There were at times image breakup due to MPEG compression artefacts, especially evident during the dusty introduction to the town of Mississippi. Motion blur was often apparent and particularly distracting. Of particular note is the style in which the movie is filmed. For some reason, parts of the movie are shot with high shutter speeds. This is VERY distracting as it destroys the persistence-of-vision illusion which motion pictures rely on the look natural and smooth; this is the same technique which sports events are often shot in to capture fine detail of fast movement, and is not appropriate for a motion picture at all. Film artefacts were prevalent and distracting during the first chapter, but virtually disappeared afterwards. Film-to-video artefacts consisted of mildly problematic aliasing.


    There are five audio tracks on this disc. English Dolby Digital 2.0 surround, French Dolby Digital 2.0 surround, German Dolby Digital 2.0 surround, Italian Dolby Digital 2.0 surround and Spanish Dolby Digital 2.0 surround. I listened to the default English soundtrack.

    Dialogue was at all times clear and easy to understand.

    There were no problems with audio sync during the movie.

    The musical score by Trevor Jones is a mixture of deep, pulsing electronic tones and rich sometimes dissonant strings which effectively created tension and underpinned the emotional nature of many scenes. The front soundstage is very wide and detailed with a wonderful clarity and presence. Whilst not up to contemporary standards, it is nonetheless a fine soundtrack and was very satisfying.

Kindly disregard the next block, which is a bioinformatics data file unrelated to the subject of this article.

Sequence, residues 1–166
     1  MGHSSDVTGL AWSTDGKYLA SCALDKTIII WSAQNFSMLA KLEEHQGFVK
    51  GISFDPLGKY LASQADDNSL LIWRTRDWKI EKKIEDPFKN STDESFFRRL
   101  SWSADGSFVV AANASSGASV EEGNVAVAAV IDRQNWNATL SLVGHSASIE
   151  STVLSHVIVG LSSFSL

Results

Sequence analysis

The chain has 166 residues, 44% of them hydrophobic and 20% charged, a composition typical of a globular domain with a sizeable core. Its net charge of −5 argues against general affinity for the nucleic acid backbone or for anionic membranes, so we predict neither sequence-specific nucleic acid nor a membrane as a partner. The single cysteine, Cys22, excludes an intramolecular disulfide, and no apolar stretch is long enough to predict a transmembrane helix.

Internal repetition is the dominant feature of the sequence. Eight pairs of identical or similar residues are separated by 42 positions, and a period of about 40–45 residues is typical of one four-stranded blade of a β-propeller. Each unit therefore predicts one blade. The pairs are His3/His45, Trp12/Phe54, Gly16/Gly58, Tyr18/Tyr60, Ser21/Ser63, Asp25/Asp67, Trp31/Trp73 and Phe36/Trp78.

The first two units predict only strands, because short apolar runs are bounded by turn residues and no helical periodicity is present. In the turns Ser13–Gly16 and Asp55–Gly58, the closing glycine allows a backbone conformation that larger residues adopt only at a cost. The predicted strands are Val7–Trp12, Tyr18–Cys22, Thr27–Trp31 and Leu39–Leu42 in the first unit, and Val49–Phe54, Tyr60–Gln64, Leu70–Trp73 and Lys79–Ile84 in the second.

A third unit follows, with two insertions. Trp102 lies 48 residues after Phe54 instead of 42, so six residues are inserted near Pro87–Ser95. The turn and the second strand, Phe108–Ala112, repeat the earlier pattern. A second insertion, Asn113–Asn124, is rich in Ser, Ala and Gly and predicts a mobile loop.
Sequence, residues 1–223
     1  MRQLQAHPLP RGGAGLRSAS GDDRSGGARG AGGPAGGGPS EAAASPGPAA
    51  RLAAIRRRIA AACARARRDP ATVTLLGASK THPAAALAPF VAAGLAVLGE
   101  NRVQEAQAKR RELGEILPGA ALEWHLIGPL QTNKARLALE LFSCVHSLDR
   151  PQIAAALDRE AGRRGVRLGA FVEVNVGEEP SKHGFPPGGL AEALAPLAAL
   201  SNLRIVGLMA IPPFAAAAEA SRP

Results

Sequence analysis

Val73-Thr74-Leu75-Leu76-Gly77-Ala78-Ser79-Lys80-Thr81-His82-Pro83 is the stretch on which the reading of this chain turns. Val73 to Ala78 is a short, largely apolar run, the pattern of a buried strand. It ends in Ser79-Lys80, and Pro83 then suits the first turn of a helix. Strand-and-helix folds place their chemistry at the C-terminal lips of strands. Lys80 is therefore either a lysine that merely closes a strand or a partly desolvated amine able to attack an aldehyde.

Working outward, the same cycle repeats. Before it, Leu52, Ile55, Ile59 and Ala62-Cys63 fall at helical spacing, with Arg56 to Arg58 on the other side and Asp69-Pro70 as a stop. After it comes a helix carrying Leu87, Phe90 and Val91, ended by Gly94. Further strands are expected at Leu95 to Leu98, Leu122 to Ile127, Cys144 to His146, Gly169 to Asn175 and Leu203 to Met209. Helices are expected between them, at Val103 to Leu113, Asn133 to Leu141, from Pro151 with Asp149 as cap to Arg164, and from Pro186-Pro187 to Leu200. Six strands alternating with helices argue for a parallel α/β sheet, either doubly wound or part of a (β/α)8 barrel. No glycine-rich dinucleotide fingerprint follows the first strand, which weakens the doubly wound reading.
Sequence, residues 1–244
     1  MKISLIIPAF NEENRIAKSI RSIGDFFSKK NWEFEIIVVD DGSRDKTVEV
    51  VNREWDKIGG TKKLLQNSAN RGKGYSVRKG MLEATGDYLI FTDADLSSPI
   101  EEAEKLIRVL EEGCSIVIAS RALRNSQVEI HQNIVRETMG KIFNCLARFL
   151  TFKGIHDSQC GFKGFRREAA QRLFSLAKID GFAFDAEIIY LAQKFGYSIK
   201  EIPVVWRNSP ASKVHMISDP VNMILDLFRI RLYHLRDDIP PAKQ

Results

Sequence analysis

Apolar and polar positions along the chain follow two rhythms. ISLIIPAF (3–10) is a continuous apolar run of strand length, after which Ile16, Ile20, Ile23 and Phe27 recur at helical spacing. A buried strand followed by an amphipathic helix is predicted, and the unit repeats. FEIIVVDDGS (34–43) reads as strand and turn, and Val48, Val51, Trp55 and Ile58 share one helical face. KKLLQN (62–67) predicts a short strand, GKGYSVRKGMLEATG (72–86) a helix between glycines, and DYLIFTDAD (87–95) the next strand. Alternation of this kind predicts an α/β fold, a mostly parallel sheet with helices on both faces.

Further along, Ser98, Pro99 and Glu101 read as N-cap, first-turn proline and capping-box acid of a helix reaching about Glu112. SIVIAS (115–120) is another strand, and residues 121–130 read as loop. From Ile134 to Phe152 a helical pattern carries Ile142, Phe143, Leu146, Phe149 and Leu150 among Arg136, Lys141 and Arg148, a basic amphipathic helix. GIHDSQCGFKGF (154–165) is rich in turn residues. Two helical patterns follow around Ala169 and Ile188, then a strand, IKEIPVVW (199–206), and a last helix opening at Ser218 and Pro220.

Surround presence is subtle yet effective. Whilst never calling attention to itself, the surround channel helped deepen the soundstage, particularly with the score.

    The subwoofer was called upon to strengthen the score and was well used at times.



    The static menu design is sombre and drab, and is not 16x9 enhanced.

U.S. Theatrical Trailer (1:08)

   Presented in 1.33:1, it is not 16x9 enhanced and is in Dolby Digital 2.0 mono. It has an unusual style, and gives a slightly biased indication of the plot.

Biographies - Cast & Crew

R4 vs R1

    The R1 version misses out on:     The R4 version misses out on:     The audio commentary is a serious omission for the R4 version, and I believe the transfer is not true 16x9. In light of this, the R1 version is the preferred choice.


    A powerful, stirring and well-crafted movie with superb acting.

    The video quality is poor.

    The audio is very good for a surround mix.

    Little extras - and where's the commentary?

Ratings (out of 5)

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© Paul Cordingley
6th December 1999
Review Equipment
DVD Panasonic A350A S-Video output
Display Pioneer SD-T43W1 125cm Widescreen 16x9
Audio Decoder Internal Dolby Digital 5.1 (DVD Player)
Amplification Sony STRDE-525 5x100 watts Dolby Pro-Logic / 5.1 Ready Receiver; 4 x Optimus 10-band Graphic EQ
Speakers Centre: Sony SS-CN35 100 watt; Main & Surrounds: Pioneer CS-R390-K 150-watt floorstanders; Subwoofer: Optimus 100-watt passive